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Harvard study reveals the benefits of childhood church-going


A religious upbringing is directly linked to positive outcomes in young adult years.

Raising our kids with faith obviously gives them many spiritual benefits, but a recent study by Harvard has also shown that children with a religious upbringing benefit physically and mentally, too, especially as young adults.

The study, released in 2018 by the Harvard T. H. Chan School of Public Health, found that children who attended Mass weekly, or had an active prayer life, were more positive and had greater life satisfaction once they reached their twenties. These young adults had a tendency to choose a healthier lifestyle — avoiding drinking, smoking, drug use, and sexual promiscuity.

Using a sample of 5,000 children over a period of 8-14 years, the study revealed some impressive findings: At least 18% of regular churchgoers reported higher levels of happiness in their twenties than their non-religious peers. And more importantly, out of the same sample, 29% tended to join in community causes, and 33% stayed away from illicit drugs.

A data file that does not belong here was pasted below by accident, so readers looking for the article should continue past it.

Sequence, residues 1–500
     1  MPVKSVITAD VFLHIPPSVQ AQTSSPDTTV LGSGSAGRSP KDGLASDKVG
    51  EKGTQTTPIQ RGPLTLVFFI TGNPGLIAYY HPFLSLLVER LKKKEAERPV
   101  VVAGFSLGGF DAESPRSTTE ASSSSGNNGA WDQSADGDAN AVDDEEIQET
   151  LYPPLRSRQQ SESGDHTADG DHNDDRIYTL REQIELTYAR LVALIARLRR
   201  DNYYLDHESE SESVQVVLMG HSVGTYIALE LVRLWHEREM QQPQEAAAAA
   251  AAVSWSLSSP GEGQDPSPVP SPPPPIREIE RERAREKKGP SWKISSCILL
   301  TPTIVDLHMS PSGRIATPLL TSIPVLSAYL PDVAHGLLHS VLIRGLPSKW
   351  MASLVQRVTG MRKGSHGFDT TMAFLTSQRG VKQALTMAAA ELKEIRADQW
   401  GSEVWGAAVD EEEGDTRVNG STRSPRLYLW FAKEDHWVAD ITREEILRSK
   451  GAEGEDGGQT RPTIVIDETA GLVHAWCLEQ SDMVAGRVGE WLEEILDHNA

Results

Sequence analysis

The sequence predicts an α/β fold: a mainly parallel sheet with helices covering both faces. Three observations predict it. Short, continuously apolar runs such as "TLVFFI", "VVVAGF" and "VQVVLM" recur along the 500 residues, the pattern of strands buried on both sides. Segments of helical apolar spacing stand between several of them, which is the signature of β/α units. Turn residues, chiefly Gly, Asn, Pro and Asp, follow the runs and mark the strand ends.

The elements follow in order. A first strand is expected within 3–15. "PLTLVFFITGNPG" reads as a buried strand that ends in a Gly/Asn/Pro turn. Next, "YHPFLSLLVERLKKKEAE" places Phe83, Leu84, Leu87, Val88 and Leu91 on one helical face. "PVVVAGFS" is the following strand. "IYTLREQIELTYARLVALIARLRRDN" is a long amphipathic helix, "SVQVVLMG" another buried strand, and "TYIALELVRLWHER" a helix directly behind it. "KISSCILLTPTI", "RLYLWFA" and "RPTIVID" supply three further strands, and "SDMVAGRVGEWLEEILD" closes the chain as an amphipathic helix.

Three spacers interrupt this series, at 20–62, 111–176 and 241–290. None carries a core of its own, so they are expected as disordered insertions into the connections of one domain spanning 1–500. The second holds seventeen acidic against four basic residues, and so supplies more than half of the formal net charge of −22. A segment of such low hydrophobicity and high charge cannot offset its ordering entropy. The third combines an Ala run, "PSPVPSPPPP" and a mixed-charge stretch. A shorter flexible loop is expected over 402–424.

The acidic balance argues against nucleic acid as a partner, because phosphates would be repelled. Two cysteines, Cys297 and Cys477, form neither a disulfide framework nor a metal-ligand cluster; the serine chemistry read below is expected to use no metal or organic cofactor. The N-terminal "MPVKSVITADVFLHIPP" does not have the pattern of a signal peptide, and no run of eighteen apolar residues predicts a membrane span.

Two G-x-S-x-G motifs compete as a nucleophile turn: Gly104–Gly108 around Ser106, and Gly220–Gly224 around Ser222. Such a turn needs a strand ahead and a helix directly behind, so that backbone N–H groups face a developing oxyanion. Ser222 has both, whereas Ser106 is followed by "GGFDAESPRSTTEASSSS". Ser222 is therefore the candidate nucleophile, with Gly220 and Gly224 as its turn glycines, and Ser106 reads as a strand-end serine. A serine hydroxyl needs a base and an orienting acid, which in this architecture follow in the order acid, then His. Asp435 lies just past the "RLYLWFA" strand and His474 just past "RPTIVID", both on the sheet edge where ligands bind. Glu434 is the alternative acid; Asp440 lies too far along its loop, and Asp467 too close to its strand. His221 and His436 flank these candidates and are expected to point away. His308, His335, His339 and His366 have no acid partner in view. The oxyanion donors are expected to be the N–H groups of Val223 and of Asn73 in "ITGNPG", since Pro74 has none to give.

One of the study’s authors, Ying Chen, said of the findings in a press release: “Many children are raised religiously, and our study shows that this can powerfully affect their health behaviors, mental health, and overall happiness and well-being.”

This isn’t the first study to demonstrate the advantages of a religious upbringing, and as the director of the DeVos Center for Religion and Civil Society at The Heritage Foundation, Emilie Kao, shares in, these findings are consistent with other studies that find “religious beliefs give people spiritual strengths that lead to healthy habits and build their social networks and gives them the ability to overcome obstacles in their lives.”

These results are particularly encouraging at a time when the numbers of regular churchgoers seem to be in decline. The study might help to serve as a motivator for parents struggling to get reluctant kids to church — especially in the teen years.

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